My parents grew up in the tiny town of Amite, Louisiana. The current population is about 4300. In the 1930s and 1940s, the population was less than 1500. Before my dad passed away, my mother and he toyed with the idea of moving back to their hometown. Actually, mom would mention this, dad would ponder for a moment, and then tell mom they didn’t need to return to Amite. This was after they retired, so late 1990s to early 2000s.
I think dad was right. He realized that if they moved back, it wouldn’t be the same. Sure, they still had a few great friends living in Amite and they occasionally vacationed with this group. All the men still used nicknames for each other like Ham, Junior, and Radar. Dad’s buddy Radar was Radar long before M*A*S*H.
They were still connected to the town. When the friends were all together, they fell into that comfortable place that you can only enjoy with people who’ve known you your whole life. I loved watching the difference in my parents when we went back to Amite during vacations and they were surrounded by friends and family. Being back was soothing, like climbing inbetween clean sheets dried on clothes’ lines in the Louisiana sun. For them, they were taken back to a simpler time.
Dad knew if they went back to live, they’d start to compare new Amite with the Amite from their past. He knew that if they moved back, they would risk losing their old memories and he didn’t want that. His mother-in-law wouldn’t be there to make him gumbo or okra and tomatoes. All my grandparents now reside in the Amite cemetery. The flower blossoms wouldn’t be as vibrant as he remembered as a youngster. The azalea bushes that lined the gravel road to his house were now long gone. He knew.
After my father died, I took my mother back to her hometown. The first time we went, I took her past her old house and some other landmarks. Our last stop was at my dad’s childhood home. When I saw it, I was taken back to my youth. This house was the perfect childhood backdrop for my siblings and me to construct our summer fantasy world. My grandparents’ house was filled with ornate, antique furniture and hundreds of books. The rooms were decorated with colorful glass figurines and wooden statues. My grandfather collected Asian souvenirs during the war, so these were mixed in. We were all sure the long hall and closed off rooms in the house were haunted. I’ll never forget the squeaks of the wooden floorboards or the cigar smell trapped in the wallpaper. The yard was huge and held its own adventures.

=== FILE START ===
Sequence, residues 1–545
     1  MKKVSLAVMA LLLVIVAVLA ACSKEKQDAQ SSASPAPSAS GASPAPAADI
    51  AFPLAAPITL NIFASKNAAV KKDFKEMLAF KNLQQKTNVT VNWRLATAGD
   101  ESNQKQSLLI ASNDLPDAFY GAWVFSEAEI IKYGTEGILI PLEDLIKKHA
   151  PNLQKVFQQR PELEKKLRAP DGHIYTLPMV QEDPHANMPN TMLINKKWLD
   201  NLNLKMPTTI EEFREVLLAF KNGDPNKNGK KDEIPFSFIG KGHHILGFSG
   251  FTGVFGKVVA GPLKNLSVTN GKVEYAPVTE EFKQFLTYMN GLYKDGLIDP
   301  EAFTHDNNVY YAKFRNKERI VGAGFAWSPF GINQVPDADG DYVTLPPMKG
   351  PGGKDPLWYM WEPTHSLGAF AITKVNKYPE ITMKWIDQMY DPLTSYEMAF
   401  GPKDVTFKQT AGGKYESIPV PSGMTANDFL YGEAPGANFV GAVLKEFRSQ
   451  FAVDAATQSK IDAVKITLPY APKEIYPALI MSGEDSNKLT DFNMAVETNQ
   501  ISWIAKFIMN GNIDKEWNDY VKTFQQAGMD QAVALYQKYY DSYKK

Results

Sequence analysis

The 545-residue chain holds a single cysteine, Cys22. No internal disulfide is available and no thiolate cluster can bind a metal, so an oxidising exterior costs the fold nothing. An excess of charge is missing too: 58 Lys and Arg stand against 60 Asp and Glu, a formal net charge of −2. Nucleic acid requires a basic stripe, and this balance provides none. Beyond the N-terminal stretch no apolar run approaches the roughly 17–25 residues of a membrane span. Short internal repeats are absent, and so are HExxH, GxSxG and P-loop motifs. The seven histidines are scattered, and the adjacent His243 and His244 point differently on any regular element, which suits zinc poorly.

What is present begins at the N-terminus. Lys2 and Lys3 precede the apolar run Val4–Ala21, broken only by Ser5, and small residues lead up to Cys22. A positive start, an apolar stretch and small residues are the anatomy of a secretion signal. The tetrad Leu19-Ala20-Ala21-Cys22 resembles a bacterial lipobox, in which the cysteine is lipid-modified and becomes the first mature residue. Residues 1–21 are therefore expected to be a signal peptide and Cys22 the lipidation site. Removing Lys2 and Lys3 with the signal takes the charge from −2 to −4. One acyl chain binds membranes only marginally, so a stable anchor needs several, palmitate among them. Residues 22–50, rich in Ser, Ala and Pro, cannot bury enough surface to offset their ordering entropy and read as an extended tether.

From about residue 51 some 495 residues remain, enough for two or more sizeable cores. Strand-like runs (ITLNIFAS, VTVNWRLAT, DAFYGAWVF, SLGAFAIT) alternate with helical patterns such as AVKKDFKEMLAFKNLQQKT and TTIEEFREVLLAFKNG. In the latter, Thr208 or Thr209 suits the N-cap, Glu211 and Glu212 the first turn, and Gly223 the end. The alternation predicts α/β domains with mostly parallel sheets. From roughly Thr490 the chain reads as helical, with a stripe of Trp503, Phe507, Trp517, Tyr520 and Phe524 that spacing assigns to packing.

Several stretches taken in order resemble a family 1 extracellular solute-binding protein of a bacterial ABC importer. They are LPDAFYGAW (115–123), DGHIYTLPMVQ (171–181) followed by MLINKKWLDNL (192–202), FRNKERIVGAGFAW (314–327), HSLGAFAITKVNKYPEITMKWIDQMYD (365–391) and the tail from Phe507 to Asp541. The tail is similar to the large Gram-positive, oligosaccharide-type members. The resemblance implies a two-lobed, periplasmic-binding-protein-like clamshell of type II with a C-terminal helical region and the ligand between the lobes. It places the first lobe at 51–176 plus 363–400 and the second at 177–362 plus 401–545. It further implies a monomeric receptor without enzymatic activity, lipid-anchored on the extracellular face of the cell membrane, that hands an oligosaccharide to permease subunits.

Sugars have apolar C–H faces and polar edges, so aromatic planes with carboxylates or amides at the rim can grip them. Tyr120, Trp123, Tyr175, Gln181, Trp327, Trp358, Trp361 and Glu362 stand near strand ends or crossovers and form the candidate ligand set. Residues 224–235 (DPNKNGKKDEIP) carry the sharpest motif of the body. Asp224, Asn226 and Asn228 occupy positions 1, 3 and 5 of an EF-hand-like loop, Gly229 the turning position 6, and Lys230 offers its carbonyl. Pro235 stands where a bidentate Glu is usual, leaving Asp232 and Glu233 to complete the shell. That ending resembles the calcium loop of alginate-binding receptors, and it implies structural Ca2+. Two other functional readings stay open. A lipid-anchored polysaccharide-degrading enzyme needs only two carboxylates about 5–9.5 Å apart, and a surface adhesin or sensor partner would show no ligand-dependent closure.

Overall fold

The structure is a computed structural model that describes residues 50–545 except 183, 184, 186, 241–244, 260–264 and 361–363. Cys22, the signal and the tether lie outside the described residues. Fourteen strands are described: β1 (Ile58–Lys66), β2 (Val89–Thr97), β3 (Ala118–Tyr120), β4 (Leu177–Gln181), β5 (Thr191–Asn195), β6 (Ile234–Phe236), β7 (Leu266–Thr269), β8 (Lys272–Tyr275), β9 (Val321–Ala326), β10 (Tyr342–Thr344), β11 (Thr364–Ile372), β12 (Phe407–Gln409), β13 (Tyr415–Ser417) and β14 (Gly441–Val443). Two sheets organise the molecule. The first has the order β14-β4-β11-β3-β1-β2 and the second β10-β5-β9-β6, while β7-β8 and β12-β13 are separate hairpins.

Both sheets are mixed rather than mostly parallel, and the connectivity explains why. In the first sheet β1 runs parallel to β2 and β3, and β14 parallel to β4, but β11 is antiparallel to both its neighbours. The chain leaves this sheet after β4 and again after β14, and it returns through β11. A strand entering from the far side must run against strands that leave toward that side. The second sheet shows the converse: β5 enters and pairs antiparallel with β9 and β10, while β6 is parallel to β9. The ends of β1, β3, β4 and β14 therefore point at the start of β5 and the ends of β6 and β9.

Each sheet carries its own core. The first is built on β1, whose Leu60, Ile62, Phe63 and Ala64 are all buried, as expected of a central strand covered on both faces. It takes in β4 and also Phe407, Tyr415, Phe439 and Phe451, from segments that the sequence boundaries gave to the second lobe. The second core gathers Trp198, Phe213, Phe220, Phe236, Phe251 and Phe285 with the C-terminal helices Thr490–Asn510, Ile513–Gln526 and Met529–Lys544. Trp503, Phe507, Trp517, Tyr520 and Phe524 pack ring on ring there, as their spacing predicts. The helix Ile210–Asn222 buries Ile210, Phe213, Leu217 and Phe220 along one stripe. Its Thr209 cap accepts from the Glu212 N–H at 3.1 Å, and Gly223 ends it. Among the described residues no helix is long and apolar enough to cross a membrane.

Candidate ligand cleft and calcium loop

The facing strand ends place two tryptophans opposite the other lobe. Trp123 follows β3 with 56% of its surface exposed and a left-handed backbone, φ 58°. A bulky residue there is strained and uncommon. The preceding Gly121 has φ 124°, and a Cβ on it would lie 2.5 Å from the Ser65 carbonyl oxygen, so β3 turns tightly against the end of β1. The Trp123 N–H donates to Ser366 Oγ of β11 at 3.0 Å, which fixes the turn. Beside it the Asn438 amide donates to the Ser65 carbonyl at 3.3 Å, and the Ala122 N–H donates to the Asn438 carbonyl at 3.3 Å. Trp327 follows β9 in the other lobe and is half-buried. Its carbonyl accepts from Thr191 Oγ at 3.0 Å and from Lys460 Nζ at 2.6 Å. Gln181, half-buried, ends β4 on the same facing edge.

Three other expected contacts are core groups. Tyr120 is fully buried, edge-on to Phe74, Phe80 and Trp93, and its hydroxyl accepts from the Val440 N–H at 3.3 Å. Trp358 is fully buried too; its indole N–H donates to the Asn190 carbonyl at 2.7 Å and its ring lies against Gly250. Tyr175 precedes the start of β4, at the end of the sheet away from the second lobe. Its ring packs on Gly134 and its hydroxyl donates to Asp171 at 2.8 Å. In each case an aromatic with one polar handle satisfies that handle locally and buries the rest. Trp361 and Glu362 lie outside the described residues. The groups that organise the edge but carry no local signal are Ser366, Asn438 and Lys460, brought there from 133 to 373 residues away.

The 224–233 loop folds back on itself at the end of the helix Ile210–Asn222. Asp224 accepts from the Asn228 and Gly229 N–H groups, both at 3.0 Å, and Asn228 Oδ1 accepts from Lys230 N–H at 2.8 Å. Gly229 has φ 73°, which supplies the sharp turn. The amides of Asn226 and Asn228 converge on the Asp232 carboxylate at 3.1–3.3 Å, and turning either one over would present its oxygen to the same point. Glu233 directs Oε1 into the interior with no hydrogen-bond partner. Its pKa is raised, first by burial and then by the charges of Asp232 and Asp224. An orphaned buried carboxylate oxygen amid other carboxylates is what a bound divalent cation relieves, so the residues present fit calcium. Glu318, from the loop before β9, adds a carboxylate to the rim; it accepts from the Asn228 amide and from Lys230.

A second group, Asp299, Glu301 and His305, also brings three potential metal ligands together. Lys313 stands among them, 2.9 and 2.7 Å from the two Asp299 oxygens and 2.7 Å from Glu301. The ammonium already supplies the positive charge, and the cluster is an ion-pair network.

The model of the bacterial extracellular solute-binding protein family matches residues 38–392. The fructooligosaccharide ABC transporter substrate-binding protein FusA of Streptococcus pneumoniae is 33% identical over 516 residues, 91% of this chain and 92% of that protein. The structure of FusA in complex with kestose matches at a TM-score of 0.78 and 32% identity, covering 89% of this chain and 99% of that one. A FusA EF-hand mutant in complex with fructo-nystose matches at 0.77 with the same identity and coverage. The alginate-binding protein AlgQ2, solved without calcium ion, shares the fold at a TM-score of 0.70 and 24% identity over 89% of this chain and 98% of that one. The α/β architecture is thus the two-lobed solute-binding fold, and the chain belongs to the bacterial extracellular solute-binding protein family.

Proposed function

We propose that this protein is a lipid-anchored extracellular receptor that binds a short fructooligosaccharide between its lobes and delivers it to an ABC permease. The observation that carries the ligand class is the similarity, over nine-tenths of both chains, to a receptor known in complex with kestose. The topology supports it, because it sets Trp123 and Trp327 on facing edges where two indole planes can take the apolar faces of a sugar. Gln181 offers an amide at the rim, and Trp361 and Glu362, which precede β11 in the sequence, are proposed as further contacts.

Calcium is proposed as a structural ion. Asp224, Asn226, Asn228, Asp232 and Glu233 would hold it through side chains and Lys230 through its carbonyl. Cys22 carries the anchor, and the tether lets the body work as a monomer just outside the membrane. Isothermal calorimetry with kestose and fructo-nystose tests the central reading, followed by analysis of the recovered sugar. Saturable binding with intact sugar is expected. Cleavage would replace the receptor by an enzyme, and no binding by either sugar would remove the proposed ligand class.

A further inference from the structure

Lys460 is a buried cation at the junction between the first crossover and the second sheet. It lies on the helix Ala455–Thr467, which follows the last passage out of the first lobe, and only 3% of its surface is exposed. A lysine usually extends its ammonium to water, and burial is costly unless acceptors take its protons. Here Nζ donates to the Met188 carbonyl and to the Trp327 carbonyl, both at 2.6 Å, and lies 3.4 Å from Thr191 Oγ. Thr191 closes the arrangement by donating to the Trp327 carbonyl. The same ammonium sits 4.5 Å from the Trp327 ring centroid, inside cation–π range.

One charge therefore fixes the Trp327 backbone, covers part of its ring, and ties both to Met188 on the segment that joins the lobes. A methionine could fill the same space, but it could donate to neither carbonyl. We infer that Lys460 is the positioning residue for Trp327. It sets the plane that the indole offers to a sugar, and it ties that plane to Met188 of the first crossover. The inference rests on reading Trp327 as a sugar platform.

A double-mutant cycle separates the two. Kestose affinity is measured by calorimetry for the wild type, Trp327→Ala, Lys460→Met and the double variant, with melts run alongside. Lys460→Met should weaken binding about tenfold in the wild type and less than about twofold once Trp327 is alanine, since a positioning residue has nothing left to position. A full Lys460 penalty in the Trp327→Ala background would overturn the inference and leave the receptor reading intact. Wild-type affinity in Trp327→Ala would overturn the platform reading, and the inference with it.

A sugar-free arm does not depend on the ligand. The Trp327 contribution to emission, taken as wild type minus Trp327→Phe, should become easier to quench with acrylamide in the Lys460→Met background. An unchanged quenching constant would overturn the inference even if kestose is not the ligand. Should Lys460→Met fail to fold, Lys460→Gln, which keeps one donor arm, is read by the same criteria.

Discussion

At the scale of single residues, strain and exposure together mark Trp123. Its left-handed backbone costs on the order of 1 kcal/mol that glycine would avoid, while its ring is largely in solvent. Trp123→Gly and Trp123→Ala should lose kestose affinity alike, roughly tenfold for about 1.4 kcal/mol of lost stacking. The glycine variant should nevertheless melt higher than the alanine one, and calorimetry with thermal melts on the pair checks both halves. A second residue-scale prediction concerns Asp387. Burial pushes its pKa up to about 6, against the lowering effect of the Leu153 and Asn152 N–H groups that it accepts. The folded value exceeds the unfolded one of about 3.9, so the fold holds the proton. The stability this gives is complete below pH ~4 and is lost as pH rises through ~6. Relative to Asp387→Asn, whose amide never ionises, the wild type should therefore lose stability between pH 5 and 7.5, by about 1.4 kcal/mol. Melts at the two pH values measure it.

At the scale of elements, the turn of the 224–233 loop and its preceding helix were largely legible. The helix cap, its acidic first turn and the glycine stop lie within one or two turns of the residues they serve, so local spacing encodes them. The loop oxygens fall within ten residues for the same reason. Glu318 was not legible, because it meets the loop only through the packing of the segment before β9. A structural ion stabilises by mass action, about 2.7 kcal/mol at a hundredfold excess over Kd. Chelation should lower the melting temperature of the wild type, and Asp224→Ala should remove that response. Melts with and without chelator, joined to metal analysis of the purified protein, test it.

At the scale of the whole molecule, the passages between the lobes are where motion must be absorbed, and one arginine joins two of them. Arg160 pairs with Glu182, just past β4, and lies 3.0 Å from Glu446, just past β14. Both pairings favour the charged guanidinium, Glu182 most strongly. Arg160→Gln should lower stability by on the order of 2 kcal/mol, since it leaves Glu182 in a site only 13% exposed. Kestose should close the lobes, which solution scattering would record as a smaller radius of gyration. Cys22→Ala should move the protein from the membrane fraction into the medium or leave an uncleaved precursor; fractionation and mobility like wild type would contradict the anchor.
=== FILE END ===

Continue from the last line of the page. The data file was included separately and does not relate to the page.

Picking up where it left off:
Mother and I approached the side door, because no one ever used the formal front door. We knocked. No one answered, so I peered in through the glass. I think I half expected to see my grandparents’ old couch and built-in planters filled with live greenery. I certainly didn’t expect to see what I saw. The current family had the audacity to make the house their own. They had divided the room with a railing and their more contemporary furniture seemed out-of-place. But what struck me the most was, the room seemed so small. Could the house have shrunk since I was a child?
It was best they weren’t home because, since Southern hospitality is a real thing, they most likely would have invited us in and given us a sweet tea garnished with mint. Proudly, they would’ve pointed out all their changes and renovations, which the house truly needed. Unbeknownst to them, the current owners would have stolen one of the best parts of my childhood and I didn’t want to give that up. So yes, I was glad they weren’t at home.
A few years later, someone bought the house and tore it down. I mourned for longer than you might imagine. I’m not overly sentimental but Oak Shadows, as my grandmother (in picture above) called her home, held the history of my family in its energy. Now, it’s gone.
I moved a lot when I was growing up. Because of this, I made sure my children lived in the same place while they attended elementary and high school. Maybe I wanted them to have what my mom and dad experienced when they were young. It took a long time for me to get used to the settled feeling of staying in one place for more than a few years. Hopefully, by staying in the same town for over 25 years now, I gave my children fond memories of childhood and some friendships they’ll keep as they get older. I’ve certainly connected to some kindred spirits in my little town.
Looking back is always a part of our lives, but we can’t dwell on it. You can’t go back to the magic that childhood held anymore than you can recapture something joyous from five minutes ago. Many people happily live in the same town they grew up in – my husband for one. It’s never the same as it was when you were a child and you shouldn’t expect it to be. The good, old days aren’t coming back. I hate change but our world is always moving forward and, I believe, getting better.
You can’t go home, but you can fondly remember the past. In a perfect world, childhood is about making good memories and cherishing them. Throughout life, you can draw on what you learned from the recollections and you can look forward to making new, exciting memories.
We can never live in the past or in the future. I hope my children learned a little about living in the moment from me, because really, that’s the only place we exist.